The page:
Proponents of user-generated content, participatory journalism, social networking, citizen journalism and all the rest can’t stop talking of the “democratisation of the media”. We are, we are told, being given more information, more perspectives, more opinions, more everything—and most of it without filters or fees.
But in a powerful and provocative new book, The Cult of the Amateur, Silicon Valley entrepreneur Andrew Keen argues that Web 2.0 isn’t what it is being made out to be.
He says deep analysis has given way to superficial observations; considered judgment to shrill opinion. Mainstream media and intellectual property rights have been undermined. And misinformation, rumours, speculation, spin are flapping around in a sea of anonymity.
“What you may not realize is that what is free is actually costing us a fortune,” Keen writes. “The new winners—Google, YouTube, MySpace, Craigslist, and the hundreds of start-ups hungry for a piece of the Web 2.0 pie — are unlikely to fill the shoes of the industries they are helping to undermine, in terms of products produced, jobs created, revenue generated or benefits conferred. By stealing away our eyeballs, the blogs and wikis are decimating the publishing, music and news-gathering industries that created the original content those Web sites ‘aggregate.’ Our culture is essentially cannibalizing its young, destroying the very sources of the content they crave.”
Read Michiko Kakutani‘s review: The Cult of the Amateur
What is a history lecturer who becomes a pioneering tabloid cartoonist, who becomes a broadsheet newspaper caricaturist, who becomes a children’s storybook illustrator, who becomes a multimedia graphic artist called?
Answer: B.G. Gujarappa.
After nearly three decades of experimenting in the various styles of art, “Gujjar” as he is better known, is now a full-fledged painter, “romancing lines, colours and the beautiful order found in nature”, and paying tribute to the eternal potmaker who shapes Man out of Earth: God.
Read the full story here: Gujjar, the potmaker
In India, newspapers are sold and bought, changed and transformed, and most times “suspended” or closed down, as if papers are no different from roadside tea stalls. All this goes in the name of “market forces”—buyer wants to sell, seller wants to buy, who are we to ask?
Little do journalists, academics, or readers realise the vital social, economic and cultural role newspapers, even the most reprehensible of them, play in moulding a democracy and shaping people’s thoughts. Result: there is little debate or discussion on the whys and wherefores.
In contrast, The Wall Street Journal is en route to changing hands from the Bancroft family to Rupert Murdoch. And the paper’s journalists, unions, readers are all significantly exercised over the prospects. And this 45-minute podcast, courtesy National Public Radio, is proof.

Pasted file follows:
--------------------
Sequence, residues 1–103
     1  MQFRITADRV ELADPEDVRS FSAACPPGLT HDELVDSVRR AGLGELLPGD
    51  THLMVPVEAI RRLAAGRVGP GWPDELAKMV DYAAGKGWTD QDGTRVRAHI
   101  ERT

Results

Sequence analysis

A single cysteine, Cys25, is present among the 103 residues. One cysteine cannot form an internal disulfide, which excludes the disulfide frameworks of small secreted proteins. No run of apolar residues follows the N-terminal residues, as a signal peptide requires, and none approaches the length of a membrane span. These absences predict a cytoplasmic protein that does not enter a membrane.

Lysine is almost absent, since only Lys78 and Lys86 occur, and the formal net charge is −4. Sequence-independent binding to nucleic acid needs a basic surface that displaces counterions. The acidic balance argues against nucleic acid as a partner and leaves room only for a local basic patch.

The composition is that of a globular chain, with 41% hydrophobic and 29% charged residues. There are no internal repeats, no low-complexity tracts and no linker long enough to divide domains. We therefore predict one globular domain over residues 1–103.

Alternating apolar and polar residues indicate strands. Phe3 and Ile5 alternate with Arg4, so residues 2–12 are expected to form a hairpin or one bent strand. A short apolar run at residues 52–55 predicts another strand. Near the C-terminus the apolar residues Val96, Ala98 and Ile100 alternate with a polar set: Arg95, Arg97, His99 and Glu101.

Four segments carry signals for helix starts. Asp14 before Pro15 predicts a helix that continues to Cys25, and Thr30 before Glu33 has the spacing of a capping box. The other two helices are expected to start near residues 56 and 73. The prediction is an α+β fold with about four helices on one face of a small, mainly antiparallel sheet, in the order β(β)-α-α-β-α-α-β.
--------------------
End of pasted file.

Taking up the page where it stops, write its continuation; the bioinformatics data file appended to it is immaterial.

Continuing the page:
The WSJ may still end up with Murdoch, but it’s a must-listen discussion to understand what is at stake when a newspaper is bought and sold.
Related link: Why New York Times launched its hatchet job
The new TV commercial for the Toronto Globe & Mail.
Link via Innovation in Newspapers
Time magazine has an exclusive on Rupert Murdoch, and the soon-to-be owner of the Wall Street Journal responds, in true Murdoch style, if he will tabloidise the venerated business newspaper, a fear most of his detractors express, by, say, putting topless page 3 girls a la The Sun.
“When the Journal gets its Page 3 girls,” he jokes late one night, “we’ll make sure they have MBAs.
Read the full story here: Rupert Murdoch speaks
At a recent press conference, the BBC Urdu Service’s Masud Alam walked up to a tall, rugged man, with close-cropped hair, wearing a white salwar-kameez and leather sandals.
“Which paper are you with?”
He pretends not to have listened. Some of the reporters around us have heard me though, and they are now watching us with interest.
“Excuse me,” I persist. “I’m so and so. And you are?”
“I am not a journalist,” he says.
“Then what brings you to this press conference?”
“I work for Special Branch.”
The Fourth Estate is deeply penetrated by the Fifth Column, and the friction is beginning to show as President Pervez Musharraf decides, like all dictators everywhere, that if he has to latch on to power, the adhesive he will require is an assault on the freedom of the Press.
Read the full story here: Spooks and hacks in Pakistan
Shooting panoramic pictures in Indian cities is a major pain for photographers, because of the security restrictions and the high cost of hiring a helicopter or glider. Randall Munroe shot this picture of Boston, with the main campus of the Massachusetts Institute of Technology in the frame, by fitting a Rs 1,000-camera to a kite.
“To get the camera to take pictures, I built a 555 timer circuit that, every 13 seconds, throws a relay wired to the camera’s shutter button. I used a small delta kite (larger ones on the way) and a cheap $30 digital camera with a large SD card.”
View more pictures here: Randall Munroe